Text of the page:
EASA, 2010: EASA2010: Crisis and imagination
Maynooth, 24/08/2010 – 27/08/2010
Medical knowledge, health, crises, and processes of diversification
Location Arts Theatre 1
Date and Start Time 25 Aug, 2010 at 11:30
The idea of crisis, as an increasing uncertainty about the future and an accelerating emergency is very present in the field of health and medical knowledge. This is apparent in daily news about swine flue, declining public funds for health care due to the financial crises, the eradication of biodiversity properties caused by environmental damage and exploitation of natural resources. In this workshop, we aim to explore how medical knowledge and crises become interrelated in different ways through the topic of diversification. We ask how perceived crises are assessed and managed through different medical practices (e.g. medical pluralism, new technologies), how knowledge practices construct crises (e.g. knowledge about epidemics, divination practices), how crises is dealt with by constructing and controlling difference (genetics, spirits), and how diversity is envisioned as endangered resource (biodiversity).
We attempt bringing together different perspectives and invite contributions addressing, among others, the following issues:
New technologies and therapies do not only respond to crises but can create new differences which result in uncertainties. How are these perceived and controlled?
Sickness crises results in the utilization of different therapeutic practices. How does this help people to deal with crises they are encountering?
Disappearing medical knowledge traditions and endangered bio properties are experienced as crisis to their holders. How is this dealt with on community, state and transstate level?
Imaginations of crisis are constructed through classifications of normalities and deviations based on medical sciences. How is this accomplished and perceived and in whose interest? Who are the actors involved?
Discussant: Elisabeth Hsu
This workshop is closed to new paper proposals.
Human biological diversity in times of crisis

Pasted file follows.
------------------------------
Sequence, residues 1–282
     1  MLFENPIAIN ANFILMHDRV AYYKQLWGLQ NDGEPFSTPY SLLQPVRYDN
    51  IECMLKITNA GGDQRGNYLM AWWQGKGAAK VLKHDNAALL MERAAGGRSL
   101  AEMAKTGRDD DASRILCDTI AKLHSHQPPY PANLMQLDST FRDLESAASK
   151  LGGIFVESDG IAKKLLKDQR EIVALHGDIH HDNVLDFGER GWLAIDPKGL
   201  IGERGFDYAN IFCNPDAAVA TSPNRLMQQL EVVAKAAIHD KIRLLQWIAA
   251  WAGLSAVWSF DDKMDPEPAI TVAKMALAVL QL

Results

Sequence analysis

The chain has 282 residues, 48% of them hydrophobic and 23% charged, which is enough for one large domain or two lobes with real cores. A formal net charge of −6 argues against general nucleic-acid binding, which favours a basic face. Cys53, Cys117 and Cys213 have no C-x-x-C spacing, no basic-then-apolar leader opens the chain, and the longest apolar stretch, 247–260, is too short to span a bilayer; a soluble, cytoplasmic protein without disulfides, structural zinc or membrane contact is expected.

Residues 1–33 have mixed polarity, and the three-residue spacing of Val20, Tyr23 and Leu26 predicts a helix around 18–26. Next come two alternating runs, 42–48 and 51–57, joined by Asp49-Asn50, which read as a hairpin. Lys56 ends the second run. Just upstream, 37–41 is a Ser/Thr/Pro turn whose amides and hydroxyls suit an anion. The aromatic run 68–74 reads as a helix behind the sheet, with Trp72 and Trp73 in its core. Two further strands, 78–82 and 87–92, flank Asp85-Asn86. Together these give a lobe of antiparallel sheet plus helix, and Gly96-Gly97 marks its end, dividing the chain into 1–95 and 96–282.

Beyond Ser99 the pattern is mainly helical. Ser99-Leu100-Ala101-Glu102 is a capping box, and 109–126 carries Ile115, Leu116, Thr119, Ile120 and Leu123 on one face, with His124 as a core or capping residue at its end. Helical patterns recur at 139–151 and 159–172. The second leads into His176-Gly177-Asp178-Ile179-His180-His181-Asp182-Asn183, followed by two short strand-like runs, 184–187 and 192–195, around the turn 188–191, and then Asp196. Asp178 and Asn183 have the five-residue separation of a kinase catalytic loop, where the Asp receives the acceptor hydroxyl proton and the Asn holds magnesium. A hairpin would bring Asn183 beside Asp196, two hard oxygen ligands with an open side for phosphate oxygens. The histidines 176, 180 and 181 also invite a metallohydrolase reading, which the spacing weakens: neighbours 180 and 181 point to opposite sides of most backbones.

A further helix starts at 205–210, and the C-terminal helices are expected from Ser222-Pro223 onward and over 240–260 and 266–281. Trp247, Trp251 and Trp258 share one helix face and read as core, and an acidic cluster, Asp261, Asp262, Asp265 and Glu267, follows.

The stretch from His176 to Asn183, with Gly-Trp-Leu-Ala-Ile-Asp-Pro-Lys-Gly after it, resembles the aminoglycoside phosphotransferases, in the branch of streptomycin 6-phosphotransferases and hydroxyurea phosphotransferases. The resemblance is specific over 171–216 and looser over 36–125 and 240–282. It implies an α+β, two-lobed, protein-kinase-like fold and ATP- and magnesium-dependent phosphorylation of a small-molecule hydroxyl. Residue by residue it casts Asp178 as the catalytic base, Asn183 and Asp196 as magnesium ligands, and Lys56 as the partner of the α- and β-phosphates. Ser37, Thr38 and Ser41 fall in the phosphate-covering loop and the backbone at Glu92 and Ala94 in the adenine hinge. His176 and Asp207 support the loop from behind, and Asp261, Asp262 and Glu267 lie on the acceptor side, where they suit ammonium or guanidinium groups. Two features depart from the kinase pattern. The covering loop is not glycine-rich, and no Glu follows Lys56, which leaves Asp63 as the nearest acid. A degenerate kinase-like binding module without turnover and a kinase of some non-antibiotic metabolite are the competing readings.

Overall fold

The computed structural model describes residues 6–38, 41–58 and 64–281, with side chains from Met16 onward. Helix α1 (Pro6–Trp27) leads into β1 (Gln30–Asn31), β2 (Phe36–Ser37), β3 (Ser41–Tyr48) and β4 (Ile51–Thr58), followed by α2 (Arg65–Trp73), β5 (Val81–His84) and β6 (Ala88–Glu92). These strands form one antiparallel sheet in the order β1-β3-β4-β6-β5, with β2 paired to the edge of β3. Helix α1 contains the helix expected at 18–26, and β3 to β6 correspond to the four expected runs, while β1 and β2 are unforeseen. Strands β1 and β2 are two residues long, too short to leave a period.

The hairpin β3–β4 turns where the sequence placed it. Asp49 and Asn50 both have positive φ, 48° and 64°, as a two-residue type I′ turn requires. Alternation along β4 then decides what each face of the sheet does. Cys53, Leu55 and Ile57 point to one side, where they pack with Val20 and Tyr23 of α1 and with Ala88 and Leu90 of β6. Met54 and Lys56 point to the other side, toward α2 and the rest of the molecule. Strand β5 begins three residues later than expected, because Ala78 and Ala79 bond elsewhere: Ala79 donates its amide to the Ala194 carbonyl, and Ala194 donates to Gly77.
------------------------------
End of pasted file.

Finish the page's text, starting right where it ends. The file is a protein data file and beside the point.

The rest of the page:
Throughout the 20th century, human biological diversity has been a challenging research topic for life scientists. Its political implications constantly undermined the ideal of scientific objectivity, while the analytical tools for studying variation in other organisms could not adequately address the imperative of empirical research on human test subjects in situ. Human biological diversity has also been implicitly or explicitly employed by medical researchers, epidemiologists or human geneticists to represent or understand crises of various kinds. This paper examines how categories of human biological diversity are instrumentalized in times of health, environmental and reproductive crisis or mobilized in preparation for avoiding potential crises. Our analysis draws from (post)colonial case studies as diverse as biomedical studies related to Soviet nuclear legacies, depopulation in the Pacific islands and human genetics in Africa. We focus on scientists' practices, in particular in how the notions of experiment and intervention might be part of their observations and techniques in the field.
'Health crisis' in the Kingdom of Tonga: critical observations on the obesity issue
During the past decade the Obesity issue has been under the International Organizations' spotlight.
According to the 2007 WHO Report on Obesity the six "fattest" Countries are all located in Oceania, which created a state of alarm.
"Obesity is a potential crisis on the scale of climate change", "obesity epidemics", "obesity represents a greater threat then weapons of mass destruction" are just a few of the numerous institutional comments on the issue.
This paper, through the presentation of an ethnographic fieldwork in the Kingdom of Tonga- at the fifth place for obesity according to the WHO Report- will critically analyze, from one side, the political construction of the obesity crisis, with particular attention to the BMI debate and the real local health problems, and, on the other side, the "therapeutic practices", usually planned elsewhere, and their results on the population's health and wellbeing.
Individual and national crises: management of inherited blood disorders in the Sultanate of Oman
This paper is based on an ethnographic research conducted in Oman and focused on inherited blood disorders (sickle-cell, thalassemia), which can be examined through two "crisis levels": individual, since sickle-cell is a chronic condition punctuated by painful seizures; and national, since the growing part of inherited disorders within the death causes is a challenge for a system focused on primary health care. The management of these chronic genetic diseases in Oman has led to the use of new diagnostic (screening, sequencing) and treatment (exchange transfusions, iron chelators) methods. Besides, these disorders are tackled by the government's biopolitics as a crisis which has to be solved, including by controlling the citizens' bodies: scrutinizing matrimonial behaviours; planning mandatory premarital genetic testing. Recent use of genetic technologies to search for heterozygous individuals creates new abnormality categories within the — historically very complicatedly stratified — Omani population. This "disruption" leads to unusual forms of biosociality.
Health finance diversities: implementing mutual health insurance in Senegal
The global flow of biomedicine is accompanied by an increasing concern of how to finance medical services. To provide health insurance for their citizens African states and other actors are trying to establish Mutual Health Organizations. However, this introduction has temporal dimensions since the idea of insurance is based on certain perceptions about the future and its possibilities for planning and prearranging health and thus preventing crisis.